The first time I ended a meal because A was refusing to eat what we provided, I cried (while she’s generally not picky, she’s still a toddler and absolutely has her moments!). And thank goodness, J was right there to tell me that it’s gonna be ok, she won’t starve, she’ll just eat more tomorrow and in the long run, this is the best thing for her. And he was right. A woke up happy and ate a giant breakfast the next morning.
We were recently faced with a decision about whether to switch A to a toddler bed. This is because the crib that we love from Ikea, is not available in their stores (warehouse issues) and to order it online would involve $98 in shipping, which is outrageous. While I know many people who have had much success in a transition to a bed this early, I’ve also heard of many other situations that didn’t work out as well.
J and I weighed out the pros and cons. And above all else we talked about our daughter and her unique personality and situation. We considered the fact that she’s such an amazing sleeper and really loves her crib. She’s never tried to escape or even used it as a teether. Bedtime generally involves us putting her into the crib and her blowing a kiss and rolling over to go to sleep right away. We also took into account the huge transition that is ahead of her- not only the plan to get rid of the binks after the holidays but especially Baby Bubbles’ imminent arrival.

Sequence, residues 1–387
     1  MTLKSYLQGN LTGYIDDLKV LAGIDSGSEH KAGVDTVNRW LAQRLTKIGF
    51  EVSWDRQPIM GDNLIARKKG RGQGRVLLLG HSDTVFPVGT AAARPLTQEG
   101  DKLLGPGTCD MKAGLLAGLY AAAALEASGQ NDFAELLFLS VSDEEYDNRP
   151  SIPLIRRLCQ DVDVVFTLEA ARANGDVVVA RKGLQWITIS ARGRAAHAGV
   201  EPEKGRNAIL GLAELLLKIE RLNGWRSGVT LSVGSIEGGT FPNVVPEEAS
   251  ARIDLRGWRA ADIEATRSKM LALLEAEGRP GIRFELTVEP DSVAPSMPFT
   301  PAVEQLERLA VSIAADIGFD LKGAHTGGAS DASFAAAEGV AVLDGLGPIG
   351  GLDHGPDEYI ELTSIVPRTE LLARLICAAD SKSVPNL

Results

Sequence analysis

Bottom line, every kid is different, but for A’s specific situation, we feel that it’s best for her to stay in her crib. The great thing is, it turns into a toddler bed. So when the time comes, we’re already prepared.
Another area that we’ve started to consider is potty training. A is definitely not ready to potty train quite yet, but she’s started to show an interest what goes on in the bathroom and will wake up with dry diapers once in a while. We definitely don’t intend to begin potty training before Bubbles joins the party, unless something major and unexpected changes.
Still, I like the idea of her being comfortable with everything surrounding using the potty so that when she is ready to start, she’ll already be as comfortable as she can be with it. I was initially against the idea of a potty seat because it seems kind of gross and I’d rather not create an additional transition for her (especially when they make smaller seats that go on to the actual toilet).
But in thinking about it more, I’ve realized that maybe the potty seat will be a good thing for her when she actually begins potty training. I get that the big, adult toilet can be a potentially scary thing. And right now, when she inevitably follows me into the bathroom, she can at least sit on the potty chair in her diaper and get used to sitting in it. Keep in mind that I’ve never potty trained a kid before so this is all subject to change based on A’s unique needs. In the meantime, Santa will be bringing A her brand new potty chair a week from today.
So here we are, 1.5 years after A changed our world and life couldn’t be more awesome. I could never have imagined the amount of joy that would come to our already happy home once A arrived and I cannot wait for Bubbles to get here! And I still cannot believe that she’s 18 months old!
When did your kid potty train or transition into a bed?